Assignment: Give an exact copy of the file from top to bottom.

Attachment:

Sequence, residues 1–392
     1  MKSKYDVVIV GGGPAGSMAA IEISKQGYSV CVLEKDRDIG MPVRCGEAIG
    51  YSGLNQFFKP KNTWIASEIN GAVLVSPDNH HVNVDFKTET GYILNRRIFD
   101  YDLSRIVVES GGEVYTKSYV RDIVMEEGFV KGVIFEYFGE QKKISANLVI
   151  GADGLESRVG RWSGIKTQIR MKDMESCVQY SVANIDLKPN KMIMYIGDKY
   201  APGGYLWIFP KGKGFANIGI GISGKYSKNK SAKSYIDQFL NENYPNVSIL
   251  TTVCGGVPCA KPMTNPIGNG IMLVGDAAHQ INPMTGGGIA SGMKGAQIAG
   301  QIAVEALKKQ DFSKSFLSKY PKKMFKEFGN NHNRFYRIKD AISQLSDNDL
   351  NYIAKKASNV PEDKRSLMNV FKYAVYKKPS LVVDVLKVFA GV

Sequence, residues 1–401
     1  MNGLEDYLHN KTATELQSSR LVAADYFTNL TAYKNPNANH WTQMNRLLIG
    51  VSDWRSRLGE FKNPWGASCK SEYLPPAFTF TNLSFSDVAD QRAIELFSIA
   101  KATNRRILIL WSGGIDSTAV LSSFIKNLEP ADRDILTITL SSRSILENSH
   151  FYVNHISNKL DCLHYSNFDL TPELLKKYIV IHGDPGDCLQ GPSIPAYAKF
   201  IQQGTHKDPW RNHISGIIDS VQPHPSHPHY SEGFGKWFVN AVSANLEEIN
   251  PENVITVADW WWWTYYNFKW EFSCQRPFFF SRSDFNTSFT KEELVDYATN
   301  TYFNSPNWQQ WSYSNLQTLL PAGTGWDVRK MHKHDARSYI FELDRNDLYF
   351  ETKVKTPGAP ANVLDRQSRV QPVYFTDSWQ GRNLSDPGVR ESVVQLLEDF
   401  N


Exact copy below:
Sequence, residues 1–392
     1  MKSKYDVVIV GGGPAGSMAA IEISKQGYSV CVLEKDRDIG MPVRCGEAIG
    51  YSGLNQFFKP KNTWIASEIN GAVLVSPDNH HVNVDFKTET GYILNRRIFD
   101  YDLSRIVVES GGEVYTKSYV RDIVMEEGFV KGVIFEYFGE QKKISANLVI
   151  GADGLESRVG RWSGIKTQIR MKDMESCVQY SVANIDLKPN KMIMYIGDKY
   201  APGGYLWIFP KGKGFANIGI GISGKYSKNK SAKSYIDQFL NENYPNVSIL
   251  TTVCGGVPCA KPMTNPIGNG IMLVGDAAHQ INPMTGGGIA SGMKGAQIAG
   301  QIAVEALKKQ DFSKSFLSKY PKKMFKEFGN NHNRFYRIKD AISQLSDNDL
   351  NYIAKKASNV PEDKRSLMNV FKYAVYKKPS LVVDVLKVFA GV

Sequence, residues 1–401
     1  MNGLEDYLHN KTATELQSSR LVAADYFTNL TAYKNPNANH WTQMNRLLIG
    51  VSDWRSRLGE FKNPWGASCK SEYLPPAFTF TNLSFSDVAD QRAIELFSIA
   101  KATNRRILIL WSGGIDSTAV LSSFIKNLEP ADRDILTITL SSRSILENSH
   151  FYVNHISNKL DCLHYSNFDL TPELLKKYIV IHGDPGDCLQ GPSIPAYAKF
   201  IQQGTHKDPW RNHISGIIDS VQPHPSHPHY SEGFGKWFVN AVSANLEEIN
   251  PENVITVADW WWWTYYNFKW EFSCQRPFFF SRSDFNTSFT KEELVDYATN
   301  TYFNSPNWQQ WSYSNLQTLL PAGTGWDVRK MHKHDARSYI FELDRNDLYF
   351  ETKVKTPGAP ANVLDRQSRV QPVYFTDSWQ GRNLSDPGVR ESVVQLLEDF
   401  N